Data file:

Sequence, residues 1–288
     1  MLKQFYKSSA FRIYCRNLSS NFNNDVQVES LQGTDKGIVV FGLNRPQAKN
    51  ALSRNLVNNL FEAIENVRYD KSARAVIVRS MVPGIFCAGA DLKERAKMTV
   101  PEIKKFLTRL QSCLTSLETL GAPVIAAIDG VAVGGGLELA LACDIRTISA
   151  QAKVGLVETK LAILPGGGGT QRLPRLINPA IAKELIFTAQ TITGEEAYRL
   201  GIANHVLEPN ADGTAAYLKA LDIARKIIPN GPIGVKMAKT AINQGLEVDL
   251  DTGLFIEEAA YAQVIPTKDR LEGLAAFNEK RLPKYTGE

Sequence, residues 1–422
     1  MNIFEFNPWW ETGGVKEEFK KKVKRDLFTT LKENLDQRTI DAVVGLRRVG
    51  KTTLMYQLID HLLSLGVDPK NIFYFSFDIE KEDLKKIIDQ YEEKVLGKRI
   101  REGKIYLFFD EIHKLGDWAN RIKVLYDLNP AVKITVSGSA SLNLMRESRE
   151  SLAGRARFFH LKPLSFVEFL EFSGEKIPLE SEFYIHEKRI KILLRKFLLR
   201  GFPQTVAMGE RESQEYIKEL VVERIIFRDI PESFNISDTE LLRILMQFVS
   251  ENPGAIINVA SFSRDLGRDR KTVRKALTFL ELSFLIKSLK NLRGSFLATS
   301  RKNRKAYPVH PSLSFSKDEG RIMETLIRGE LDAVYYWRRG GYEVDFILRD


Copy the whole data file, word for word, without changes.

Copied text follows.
Sequence, residues 1–288
     1  MLKQFYKSSA FRIYCRNLSS NFNNDVQVES LQGTDKGIVV FGLNRPQAKN
    51  ALSRNLVNNL FEAIENVRYD KSARAVIVRS MVPGIFCAGA DLKERAKMTV
   101  PEIKKFLTRL QSCLTSLETL GAPVIAAIDG VAVGGGLELA LACDIRTISA
   151  QAKVGLVETK LAILPGGGGT QRLPRLINPA IAKELIFTAQ TITGEEAYRL
   201  GIANHVLEPN ADGTAAYLKA LDIARKIIPN GPIGVKMAKT AINQGLEVDL
   251  DTGLFIEEAA YAQVIPTKDR LEGLAAFNEK RLPKYTGE

Sequence, residues 1–422
     1  MNIFEFNPWW ETGGVKEEFK KKVKRDLFTT LKENLDQRTI DAVVGLRRVG
    51  KTTLMYQLID HLLSLGVDPK NIFYFSFDIE KEDLKKIIDQ YEEKVLGKRI
   101  REGKIYLFFD EIHKLGDWAN RIKVLYDLNP AVKITVSGSA SLNLMRESRE
   151  SLAGRARFFH LKPLSFVEFL EFSGEKIPLE SEFYIHEKRI KILLRKFLLR
   201  GFPQTVAMGE RESQEYIKEL VVERIIFRDI PESFNISDTE LLRILMQFVS
   251  ENPGAIINVA SFSRDLGRDR KTVRKALTFL ELSFLIKSLK NLRGSFLATS
   301  RKNRKAYPVH PSLSFSKDEG RIMETLIRGE LDAVYYWRRG GYEVDFILRD